Benefits of MFA: Security for a Network, Simplicity for End Users
It's a security-focused world these days. Many of us are still working remotely — if not full time, at least partially — and this opens up a lot of new avenues for malfeasance from the hacker community.
As a senior systems engineer, I understand the vital importance of properly balancing security with productivity. If you talk to our security engineers they would say they prefer a locked-down, zero-access policy, but that's not going to work in a real-world scenario.
We have to find security solutions that work without being a hindrance. These include multi-factor authentication (MFA), strong passwords, rotating passwords; and we have to take the time to educate our customers, and their user base.
It’s not just about the stakeholders in the company that we deal with on a regular basis, but those end users. They're ultimately who we work for because it's our job to make sure they can get their job done.
So education becomes just as important as rolling out the security solution. We take the time to produce documentation and videos, and sometimes we even go on-site for hands-on training.
You have to be comfortable being uncomfortable, and change is uncomfortable for people. As a technology solutions firm, we come in and make you comfortable with the technology we're putting in place, we teach you how to use it, and we stand by it.
If you run into issues or something's not working right, or you're just not sure if you're doing things correctly, you can call us. You can open a ticket and somebody from Kelser is going to call you. We're going to walk you through it and we're going to make you comfortable with what we put in place.
Multi-factor is the X factor
Multi-factor authentication is another layer of security on top of a traditional username and password. There's something you are (your username), something you know (your password), and something you have (your MFA token).
That token could be a code on your phone, it could be a text message that you get, it could be a physical token that we supply to you. But these are the three ways to authenticate yourself and prove your identity.
Passwords can be hacked, they can be lost, they can be leaked on the dark web. But your phone is generally always with you. So MFA adds another layer of complexity that somebody has to get through before they can get to your data.
From an end user standpoint, with MFA we can transition employees to stronger passwords without the need to change a password, because now we have this third layer. We can ensure that you're secure while actually making it easier for people to do their job.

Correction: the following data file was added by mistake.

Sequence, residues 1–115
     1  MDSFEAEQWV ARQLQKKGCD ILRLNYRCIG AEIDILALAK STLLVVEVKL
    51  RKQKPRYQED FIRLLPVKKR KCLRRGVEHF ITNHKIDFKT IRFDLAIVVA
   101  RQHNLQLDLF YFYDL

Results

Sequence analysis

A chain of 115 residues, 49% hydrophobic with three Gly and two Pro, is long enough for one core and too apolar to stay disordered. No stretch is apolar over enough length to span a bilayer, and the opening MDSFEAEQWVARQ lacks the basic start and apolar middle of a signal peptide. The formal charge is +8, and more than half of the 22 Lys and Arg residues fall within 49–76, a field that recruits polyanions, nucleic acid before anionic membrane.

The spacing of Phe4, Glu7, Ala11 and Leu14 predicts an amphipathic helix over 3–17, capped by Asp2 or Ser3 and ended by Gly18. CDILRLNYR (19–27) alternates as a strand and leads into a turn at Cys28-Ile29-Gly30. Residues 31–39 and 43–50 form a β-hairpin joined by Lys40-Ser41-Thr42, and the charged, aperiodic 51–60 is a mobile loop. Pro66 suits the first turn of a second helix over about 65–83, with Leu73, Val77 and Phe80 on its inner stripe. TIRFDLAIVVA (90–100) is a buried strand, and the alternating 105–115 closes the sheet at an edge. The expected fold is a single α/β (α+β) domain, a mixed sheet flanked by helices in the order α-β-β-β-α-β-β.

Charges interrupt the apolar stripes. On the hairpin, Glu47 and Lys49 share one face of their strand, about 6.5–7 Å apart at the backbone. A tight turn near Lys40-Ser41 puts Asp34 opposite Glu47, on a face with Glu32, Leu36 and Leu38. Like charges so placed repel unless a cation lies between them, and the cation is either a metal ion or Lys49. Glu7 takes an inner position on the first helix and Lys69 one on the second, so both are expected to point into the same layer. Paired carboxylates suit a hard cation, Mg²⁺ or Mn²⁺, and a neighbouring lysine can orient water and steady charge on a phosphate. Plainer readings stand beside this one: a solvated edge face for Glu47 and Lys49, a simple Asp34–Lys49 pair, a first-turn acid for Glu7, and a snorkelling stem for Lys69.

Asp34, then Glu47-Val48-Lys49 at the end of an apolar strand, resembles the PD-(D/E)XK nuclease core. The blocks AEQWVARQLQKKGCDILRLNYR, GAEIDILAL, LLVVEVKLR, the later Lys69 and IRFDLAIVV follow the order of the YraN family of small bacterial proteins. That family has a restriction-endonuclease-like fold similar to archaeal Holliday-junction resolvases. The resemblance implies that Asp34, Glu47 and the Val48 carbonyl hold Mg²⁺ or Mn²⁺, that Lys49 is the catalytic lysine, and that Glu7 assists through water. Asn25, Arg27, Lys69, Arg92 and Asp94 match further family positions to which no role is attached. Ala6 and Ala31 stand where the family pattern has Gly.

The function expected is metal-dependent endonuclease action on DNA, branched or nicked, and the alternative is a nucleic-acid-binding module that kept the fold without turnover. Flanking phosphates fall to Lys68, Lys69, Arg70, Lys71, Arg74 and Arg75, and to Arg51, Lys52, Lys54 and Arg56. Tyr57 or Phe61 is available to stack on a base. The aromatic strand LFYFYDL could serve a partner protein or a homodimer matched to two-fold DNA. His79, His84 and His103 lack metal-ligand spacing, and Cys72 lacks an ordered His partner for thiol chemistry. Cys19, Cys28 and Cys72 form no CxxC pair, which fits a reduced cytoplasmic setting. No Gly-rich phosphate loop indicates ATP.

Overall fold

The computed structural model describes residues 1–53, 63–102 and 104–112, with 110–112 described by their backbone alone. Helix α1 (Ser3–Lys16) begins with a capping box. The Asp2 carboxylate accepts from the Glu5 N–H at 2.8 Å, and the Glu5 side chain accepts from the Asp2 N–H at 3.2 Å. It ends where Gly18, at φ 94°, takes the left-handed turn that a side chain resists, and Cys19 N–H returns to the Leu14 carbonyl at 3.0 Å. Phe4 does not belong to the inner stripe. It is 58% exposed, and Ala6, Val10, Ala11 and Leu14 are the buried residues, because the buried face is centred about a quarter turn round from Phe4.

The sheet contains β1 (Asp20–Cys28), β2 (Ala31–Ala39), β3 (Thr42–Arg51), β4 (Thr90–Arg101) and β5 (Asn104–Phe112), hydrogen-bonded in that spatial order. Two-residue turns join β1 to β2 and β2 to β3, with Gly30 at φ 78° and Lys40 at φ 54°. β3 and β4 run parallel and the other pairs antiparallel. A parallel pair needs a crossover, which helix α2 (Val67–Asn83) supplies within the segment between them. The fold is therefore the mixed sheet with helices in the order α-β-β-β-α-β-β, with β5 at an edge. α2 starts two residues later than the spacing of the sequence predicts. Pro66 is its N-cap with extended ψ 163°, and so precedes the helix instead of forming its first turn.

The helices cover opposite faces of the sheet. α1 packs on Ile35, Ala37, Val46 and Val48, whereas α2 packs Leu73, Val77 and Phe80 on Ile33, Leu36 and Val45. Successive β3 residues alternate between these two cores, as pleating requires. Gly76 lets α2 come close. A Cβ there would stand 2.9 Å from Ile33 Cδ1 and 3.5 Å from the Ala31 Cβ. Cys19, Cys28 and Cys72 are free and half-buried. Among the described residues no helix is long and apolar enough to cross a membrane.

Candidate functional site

The password is ...
Password changes can be very stressful. You might not think so because it's such a simple action, but it’s been ingrained in people that it has to be random. “You can't use your name!” “You can't use your kid's name!”
I can walk up to someone’s desk and look around or just have a conversation. I can say, hey, when’s your son's birthday? How long have you been married? What’s your dog’s name?
From this nonchalantly acquired information, I can probably extrapolate something very close to the actual password. Too close for comfort, one might say. Or I can just pick up the keyboard, turn it over and read the sticky note attached underneath. I still see that a lot.
… not enough to get in
With MFA, if an employee did resort to the old sticky-note-under-the-keyboard trick, whoever puts that password in is going to get slapped in the face with “OK, we just sent a text message to your phone.”
Well, I don't have your phone so I'm not going to get in. And that is, in a nutshell, why we like MFA and why more customers and more businesses are embracing it. Ultimately it's not the end all be all, and it's not the perfect tool to defeat cybercrime.
But it’s much more difficult for a hacker, or somebody who's determined to do bad things with your information, to get into not only your computer but the entire corporate network.
Put policies in place
Password policies can be as benign as using any eight characters all the way up to a complicated, 32-character, randomly generated password with every wingding symbol you could ever imagine. And it's only good for 45 minutes.
The latter of those two examples, albeit with some exaggeration, is going to be someone like myself who has an administrative account with administrative authority. We're never going to put that on an end user.
At that level it should be about 12 characters with a combination of letters, numbers and symbols. Even so, it’s still advisable to not use actual dictionary words.
Algorithms are smart these days. Let’s say a password is “door21.” Even if written as D, zero, zero, R, two, one — let’s even add an exclamation point at the end just for good measure — the algorithm is going to say, “Hey, that's still a word, dude. There are O’s in there, they’re just zeroes.”
MFA can allow us to dial that back a little bit and still use “door21!” because as soon as that password is entered in, a code will be pushed to your phone. And that code is random and only good for 20 seconds.
MFA is easy to use and hard to beat. Most importantly, it’s a crucial, extra layer of protection beyond a traditional password. It’s the “something you have.” And that something is security.